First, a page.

Black Male Summit


Kristina Aiad-Toss

The audience gave Michael Dyson a standing ovation at the conclusion of his speech about the stereotyping of black males.

By Kristina Aiad-Toss, News Writer

UA hosted the eighth annual Black Male Summit last weekend, which sought to “improve and increase retention and graduation of African-American males in higher education,” according to the Summit’s webpage.

This year’s event focused on the influences of media, culture and sports on black males’ identities.

The Summit included more than 60 panel discussions, breakout sessions, and workshops. It was held at the John S. Knight Center, E.J. Thomas Hall and the Student Union on Friday, April 10 and Saturday, April 11.

Eight years ago, the Black Male Summit had 200 attendees. This year’s event hosted 280 high school students from the Akron and Canton area and nearly 1,300 attendees from colleges in 24 states.

Last weekend’s activities revolved around themes such as stereotyping, police brutality, media portrayal of black culture, violence among black men, minority participation in college, parenting, and education.

Speakers included Jalen Rose, ESPN analyst; Maurice Clarett, a former Ohio State football player; Marc Lamont Hill, professor of African-American Studies at Moorehouse College and political contributor for CNN; Haki R. Madhubuti, founder of “The Third World Press;” and Damon Williams from the Boys and Girls Clubs of America.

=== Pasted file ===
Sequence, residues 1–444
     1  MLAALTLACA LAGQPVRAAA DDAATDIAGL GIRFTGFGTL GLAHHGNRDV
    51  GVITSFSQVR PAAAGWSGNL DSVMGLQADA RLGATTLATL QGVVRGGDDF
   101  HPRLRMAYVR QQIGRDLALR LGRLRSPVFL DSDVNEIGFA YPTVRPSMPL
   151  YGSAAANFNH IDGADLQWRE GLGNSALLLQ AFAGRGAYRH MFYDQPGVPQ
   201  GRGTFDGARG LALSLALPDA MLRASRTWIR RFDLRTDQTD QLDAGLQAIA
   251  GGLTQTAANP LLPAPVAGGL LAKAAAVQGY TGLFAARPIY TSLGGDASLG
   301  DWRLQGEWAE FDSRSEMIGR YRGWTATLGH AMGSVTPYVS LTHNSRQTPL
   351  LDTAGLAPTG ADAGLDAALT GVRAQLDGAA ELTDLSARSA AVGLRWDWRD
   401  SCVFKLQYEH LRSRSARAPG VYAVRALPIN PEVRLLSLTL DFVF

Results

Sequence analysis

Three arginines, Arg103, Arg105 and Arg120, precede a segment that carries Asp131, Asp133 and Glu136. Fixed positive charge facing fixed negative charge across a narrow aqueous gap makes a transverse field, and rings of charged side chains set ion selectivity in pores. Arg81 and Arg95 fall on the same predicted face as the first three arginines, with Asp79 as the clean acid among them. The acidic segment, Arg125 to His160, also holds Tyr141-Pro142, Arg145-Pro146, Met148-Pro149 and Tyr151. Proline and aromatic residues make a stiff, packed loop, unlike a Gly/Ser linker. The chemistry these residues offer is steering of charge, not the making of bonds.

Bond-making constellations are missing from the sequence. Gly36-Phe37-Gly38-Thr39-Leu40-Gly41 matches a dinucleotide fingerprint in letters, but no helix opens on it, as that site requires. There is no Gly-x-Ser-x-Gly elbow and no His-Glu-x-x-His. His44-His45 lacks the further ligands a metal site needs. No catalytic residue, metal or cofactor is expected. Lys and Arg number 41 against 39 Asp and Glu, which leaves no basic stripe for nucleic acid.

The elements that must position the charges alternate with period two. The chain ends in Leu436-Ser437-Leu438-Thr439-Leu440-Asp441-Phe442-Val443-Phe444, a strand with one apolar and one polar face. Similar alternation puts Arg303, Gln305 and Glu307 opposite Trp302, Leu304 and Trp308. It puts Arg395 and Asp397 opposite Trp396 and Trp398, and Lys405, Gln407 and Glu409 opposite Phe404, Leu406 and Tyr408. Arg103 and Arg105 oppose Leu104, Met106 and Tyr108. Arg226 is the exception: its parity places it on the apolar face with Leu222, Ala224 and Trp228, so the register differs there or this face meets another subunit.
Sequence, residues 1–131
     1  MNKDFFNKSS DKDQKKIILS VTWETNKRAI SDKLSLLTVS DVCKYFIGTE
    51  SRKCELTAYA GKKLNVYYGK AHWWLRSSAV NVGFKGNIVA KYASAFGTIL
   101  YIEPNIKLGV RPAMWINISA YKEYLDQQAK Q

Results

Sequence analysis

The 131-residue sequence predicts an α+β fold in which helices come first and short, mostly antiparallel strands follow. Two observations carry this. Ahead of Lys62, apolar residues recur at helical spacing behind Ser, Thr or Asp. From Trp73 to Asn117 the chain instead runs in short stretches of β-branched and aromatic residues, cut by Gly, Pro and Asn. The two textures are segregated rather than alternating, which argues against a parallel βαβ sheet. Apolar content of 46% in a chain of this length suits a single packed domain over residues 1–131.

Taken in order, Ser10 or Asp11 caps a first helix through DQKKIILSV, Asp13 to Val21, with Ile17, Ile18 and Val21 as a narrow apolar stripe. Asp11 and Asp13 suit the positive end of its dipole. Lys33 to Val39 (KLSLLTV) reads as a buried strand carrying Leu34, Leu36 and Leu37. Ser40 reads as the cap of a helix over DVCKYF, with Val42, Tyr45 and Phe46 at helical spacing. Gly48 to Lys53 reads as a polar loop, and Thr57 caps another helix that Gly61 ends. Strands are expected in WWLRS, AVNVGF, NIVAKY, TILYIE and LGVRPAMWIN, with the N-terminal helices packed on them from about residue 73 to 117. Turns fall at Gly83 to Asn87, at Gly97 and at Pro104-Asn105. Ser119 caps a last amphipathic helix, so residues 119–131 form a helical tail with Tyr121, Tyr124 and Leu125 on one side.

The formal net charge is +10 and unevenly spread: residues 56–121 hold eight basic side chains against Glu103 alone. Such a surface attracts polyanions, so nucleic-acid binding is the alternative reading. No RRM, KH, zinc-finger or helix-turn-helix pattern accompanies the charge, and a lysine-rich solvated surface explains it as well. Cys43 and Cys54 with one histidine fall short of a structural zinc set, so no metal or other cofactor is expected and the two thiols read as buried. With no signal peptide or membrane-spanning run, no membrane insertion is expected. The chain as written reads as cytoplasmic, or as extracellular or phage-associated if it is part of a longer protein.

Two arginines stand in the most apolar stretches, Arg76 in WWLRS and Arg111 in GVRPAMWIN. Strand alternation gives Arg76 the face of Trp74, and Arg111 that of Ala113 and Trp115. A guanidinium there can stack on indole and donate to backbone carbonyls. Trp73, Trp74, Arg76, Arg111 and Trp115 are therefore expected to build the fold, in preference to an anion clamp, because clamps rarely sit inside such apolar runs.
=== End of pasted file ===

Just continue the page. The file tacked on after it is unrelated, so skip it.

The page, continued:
Michael Eric Dyson spoke to an audience on Friday at E.J. Thomas Hall about breaking away from stereotyping black males. Dyson is a best-selling author, commentator, and professor of sociology at Georgetown University.

Dyson has written extensively about how American culture negatively stereotypes black men. As an example, he spoke about the recent killings of black men by white police officers in Missouri, Florida, New York, Ohio and elsewhere.

Throughout his speech, Dyson mixed well-known hip-hop song lyrics and gospel passages to make the problems in black society relatable to the students in the audience.

Growing up in Detroit during the 1967 riots, Dyson experienced much police brutality. In response, he dedicated his life’s work to fight racism and promote the progress of the civil rights movement.

Quoting the lyrics of Jay-Z and Kendrick Lamar, Dyson described how hip-hop “penetrated the subconscious of black society.” He used the importance of music to stress the ongoing need to reach young black men and stand up against inequality.

Dyson spoke about promoting education for black males, saying the students are on a “path of expanding opportunity and exploding potential,” but the problem is the lack of it. Dyson added that education should not have a double standard, and should give equal opportunities and treatment to all students.

“Everybody who is great didn’t start that way. But you have to give them an opportunity,” Dyson said. “And when you get them in your ranks, give them the freedom to exist and to fall into greatness.”